MARCUS: Well, first of all, I think with all respect that Stupak forces are wrong. As a practical matter as language of the Senate bill will make it all but impossible and certainly unattractive for insurance companies who participate in the exchanges to offer abortion coverage, just so many hoops.
And then I think that the Speaker Pelosi and the House Democrats are kind of forced to take their chances with Stupak allies because they can't fix this in reconciliation. They can promise maybe to do something else, to write the Hyde amendment into law, but you but their hands are pretty tied as a parliamentary matter.
KRAUTHAMMER: I think the dispute with Stupak and Waxman is not a misunderstanding. I think for Stupak and company it's a betrayal, because, remember, the bill in the House passed only by five votes. We wouldn't be anywhere near here, health care would be dead had it not passed in the House last year.
How did they acquire the votes? By having the Stupak amendment included in the House bill. And they were assured that was going to stay in there.
Now, what happened is it's now returned. The House Democrats who assume that the prolife language would be in there and that was the deal they struck last year are now seeing they are entirely abandoned on this. They will have now a bill that will be stripped of that language, and whatever understanding they had in assurances they had last year are now null.
And it's ironic that you hear Pelosi in the clip that we saw speaking about faith and trust. Now the pro-abortion — the antiabortion folks are going to be asked to trust again in a process that's even more obscure unlikely of the Senate amending its own — changing its bill after it's signed into law? That's absolutely improbable.
And I think if you are Stupak and company, you feel you were stabbed on the back on this.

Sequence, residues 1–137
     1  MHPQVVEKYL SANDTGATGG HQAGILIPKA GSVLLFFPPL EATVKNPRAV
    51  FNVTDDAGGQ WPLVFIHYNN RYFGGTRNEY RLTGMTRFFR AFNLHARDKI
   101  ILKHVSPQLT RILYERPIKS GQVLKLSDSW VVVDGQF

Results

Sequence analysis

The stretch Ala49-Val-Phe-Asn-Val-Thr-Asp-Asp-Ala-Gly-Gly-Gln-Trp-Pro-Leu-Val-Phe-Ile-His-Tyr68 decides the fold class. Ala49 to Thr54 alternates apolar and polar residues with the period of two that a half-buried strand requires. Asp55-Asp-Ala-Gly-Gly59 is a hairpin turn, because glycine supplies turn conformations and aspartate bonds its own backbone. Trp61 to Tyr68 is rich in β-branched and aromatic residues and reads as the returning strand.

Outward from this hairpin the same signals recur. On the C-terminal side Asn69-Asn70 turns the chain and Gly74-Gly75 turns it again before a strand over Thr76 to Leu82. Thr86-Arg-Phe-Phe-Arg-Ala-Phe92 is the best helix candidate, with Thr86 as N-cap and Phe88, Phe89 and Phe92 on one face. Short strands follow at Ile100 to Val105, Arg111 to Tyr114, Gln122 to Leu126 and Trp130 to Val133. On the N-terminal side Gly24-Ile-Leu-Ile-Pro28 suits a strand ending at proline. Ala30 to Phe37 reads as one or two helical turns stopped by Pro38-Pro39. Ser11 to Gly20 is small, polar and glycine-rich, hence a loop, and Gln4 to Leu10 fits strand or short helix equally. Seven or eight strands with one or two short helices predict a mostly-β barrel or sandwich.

BAIER: Bill, now Speaker Pelosi has talked about putting in student loans, a change to the student loan program in the vote for health care reform.
What about that? This is the student loan legislation that would end private lender's involvement in the original student loans and the Department of Education would essentially take over?
KRISTOL: Yes, the government would be the direct loaner to the students. Well that passed the House by a larger margin last year. So they are adding something that they think is more attractive to try to bring home few extra members to the bill.
It shows how unpopular this bill is. It is jaw dropping to step back from the day-to-day thing. A year into president's top agenda health care is the Democrats favorite issue. They have had 30 point margins on it in polls over the Republicans for the last 15 years basically. And as this debate has gone along this bill has become so unpopular and toxic that they now can't pass it through a normal conference committee. They can't have a normal situation where each house passes its own bill and get together and have a compromise. They have to pass the Senate bill or nothing because they're terrified to go to conference. They are now terrified to let the members go home for Easter recess before a vote, so they are going to — the president is delaying his trip so they can jam the vote in at the end of next week, they hope by one or two vote margin. It's really stunning.
BAIER: Ruth, last word — right move for the White House to delay this trip, put it all on the line with the three days? Is that the right move?
MARCUS: Given that they had already doubled down, absolutely the right move. There was just no choice. The president couldn't go jetting off to Indonesia while Nancy Pelosi was pushing what is right now a faith based initiative.
BAIER: But if he doesn't get it, Charles, by the time he leaves and gets on that plane.
KRAUTHAMMER: All his chips are in the pot and then he loses the pot.
BAIER: You can read all about the ongoing feud over abortion language and all the health care debate by clicking on the link to our home page FOXnews.com/"Special Report." Check out some web exclusive stories.
Up next, your choice online, topic of the week, and the Friday lightning round.
BAIER: Every week on the FOXnews.com "Special Report" page viewers vote on what topic we should discuss first during this, the Friday lightning round. And as of 4:00 p.m. eastern time, 57 percent of you wanted to know can health care reform be repealed if it passes? So that is where we begin tonight's lightning round.
Back with the panel. Bill? Can it be repealed and how hard would it be?
KRISTOL: Sure, it can be, or huge chunks of it can be. What would be required with is a Republican president and Republican primaries in January of 2013 who would have campaigned on repealing on large parts of the legislation most of which would not yet have gone in effect.